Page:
Similar to historic Southern ecclesiastic spaces, the game room features an exposed-wood structural system for the walls and ceiling. The primary wall structure is composed of flitch-plate columns, in-plane purlins, beams, and braces. The columns are 4x10s flanking 19- x 203-mm (¾- x 8 ½-in.) galvanized steel plates, which are welded to base plates bolted to the concrete foundation. Members spanning between columns vary in size from 2×4 to 4×8. All fasteners between the structural wall elements are hidden from view to give a clean, contemporary appearance.

The roof structure consists of partially exposed trusses with purlins and plywood sheathing. The trusses, composed of 3×8 heavy timber top and vertical chords, are bolted to heavy timber and 20-mm (¾-in.) steel rod bottom chords. These are topped with 4×10 southern yellow pine purlins. The flitch plates in the structural columns act as hidden tie-downs connecting the roof structure to the foundation.

This figure shows details of the game hall’s construction.
Images courtesy 4240 Architecture

The exposed-wood wall assembly is uniquely built, with structure at the interior clad with insulation and both interior and exterior siding. This required special construction sequencing, in which each section of wall was framed, sheathed, and then craned into place where the flitch plate connects each panel. Once this was done, electrical raceways were run in conduits to junction boxes penetrating through the wall siding, then insulation, sheathing, air barrier, drainage board, and siding were installed. This creates a highly insulated wall with minimal thermal conductivity, effective breathability behind the siding, and a beautifully exposed wall structure at the interior.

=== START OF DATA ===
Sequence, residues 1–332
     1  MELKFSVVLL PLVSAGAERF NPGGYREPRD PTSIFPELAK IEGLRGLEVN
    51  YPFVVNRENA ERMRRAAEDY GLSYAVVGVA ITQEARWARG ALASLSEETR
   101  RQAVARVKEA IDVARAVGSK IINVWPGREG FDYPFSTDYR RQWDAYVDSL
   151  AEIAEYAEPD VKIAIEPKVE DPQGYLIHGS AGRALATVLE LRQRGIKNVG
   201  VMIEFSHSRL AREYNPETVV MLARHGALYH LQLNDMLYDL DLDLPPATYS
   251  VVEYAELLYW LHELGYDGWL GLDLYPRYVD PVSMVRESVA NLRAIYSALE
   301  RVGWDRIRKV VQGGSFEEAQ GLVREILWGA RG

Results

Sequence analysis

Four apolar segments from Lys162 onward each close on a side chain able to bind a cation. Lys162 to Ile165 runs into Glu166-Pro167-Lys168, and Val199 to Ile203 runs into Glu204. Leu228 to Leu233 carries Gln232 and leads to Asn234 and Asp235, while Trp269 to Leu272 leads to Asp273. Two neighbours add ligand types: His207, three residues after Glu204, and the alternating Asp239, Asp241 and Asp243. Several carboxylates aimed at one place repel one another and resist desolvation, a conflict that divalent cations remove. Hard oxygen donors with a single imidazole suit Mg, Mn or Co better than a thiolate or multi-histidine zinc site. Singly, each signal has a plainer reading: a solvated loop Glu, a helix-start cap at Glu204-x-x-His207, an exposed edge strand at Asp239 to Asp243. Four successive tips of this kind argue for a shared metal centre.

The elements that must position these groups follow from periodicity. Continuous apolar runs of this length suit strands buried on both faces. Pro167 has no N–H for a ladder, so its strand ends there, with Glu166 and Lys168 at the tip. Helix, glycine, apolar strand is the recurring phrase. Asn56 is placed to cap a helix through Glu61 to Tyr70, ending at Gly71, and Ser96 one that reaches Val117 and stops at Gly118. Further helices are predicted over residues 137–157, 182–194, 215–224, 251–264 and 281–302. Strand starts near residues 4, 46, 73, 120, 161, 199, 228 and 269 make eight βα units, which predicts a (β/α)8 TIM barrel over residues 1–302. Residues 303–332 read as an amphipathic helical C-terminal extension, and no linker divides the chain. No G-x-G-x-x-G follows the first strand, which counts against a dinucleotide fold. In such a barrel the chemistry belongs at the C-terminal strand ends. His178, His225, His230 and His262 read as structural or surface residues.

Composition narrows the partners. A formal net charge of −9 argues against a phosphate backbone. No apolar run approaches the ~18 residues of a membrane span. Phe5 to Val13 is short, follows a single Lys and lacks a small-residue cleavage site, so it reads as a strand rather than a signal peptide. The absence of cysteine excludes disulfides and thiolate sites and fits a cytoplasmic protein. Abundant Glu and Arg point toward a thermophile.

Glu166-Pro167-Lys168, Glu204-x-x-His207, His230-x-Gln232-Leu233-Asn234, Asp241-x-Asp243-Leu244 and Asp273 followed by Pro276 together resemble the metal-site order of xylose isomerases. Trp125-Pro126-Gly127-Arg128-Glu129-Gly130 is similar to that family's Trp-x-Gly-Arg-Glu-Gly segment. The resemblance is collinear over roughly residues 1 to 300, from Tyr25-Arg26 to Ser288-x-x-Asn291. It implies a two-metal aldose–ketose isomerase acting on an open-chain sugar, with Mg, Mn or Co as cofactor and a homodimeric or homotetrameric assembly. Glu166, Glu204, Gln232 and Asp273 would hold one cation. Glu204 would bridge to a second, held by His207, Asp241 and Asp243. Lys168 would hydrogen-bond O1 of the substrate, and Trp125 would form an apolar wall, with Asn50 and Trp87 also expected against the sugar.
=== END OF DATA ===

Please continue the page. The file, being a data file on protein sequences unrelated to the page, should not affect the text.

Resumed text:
Similarly, the roof structure is used to house electrical and mechanical systems above a dropped slatted acoustic wood ceiling, located at the bottom of the top chord of the roof trusses. As with the wall assembly, great care was taken by the design and construction team to coordinate all systems and ensure no fasteners, conduits, or ductwork were exposed. Above the structure is a vented nail base with high-temperature roofing underlayment clad in 5V crimp metal roofing.

All wood structural members are specified as Grade A or better southern yellow pine to create  a refined aesthetic void of knots or checks in the wood. Further, all structural and nonstructural wood members are stained with a specially formulated, water-based, semi-transparent stain low in volatile organic compounds (VOCs) to achieve a whitewashed appearance. A similar strategy for the exposed wall structure and dropped wood slat ceiling is found in all primary public spaces, such as the dining room, art loft, flex space, and lounge (Figure 1).

Figure 2: A closeup of tabby concrete used for the bowling alley.

The bowling alley
Perhaps the most unique part of the Boundary is a four-lane bowling alley designed to professional-level standards in a flood zone. The alleys are equipped with a custom system that turns the area into a dance floor by removing gutters and replacing the negative space with bowling lane material to create a uniform surface.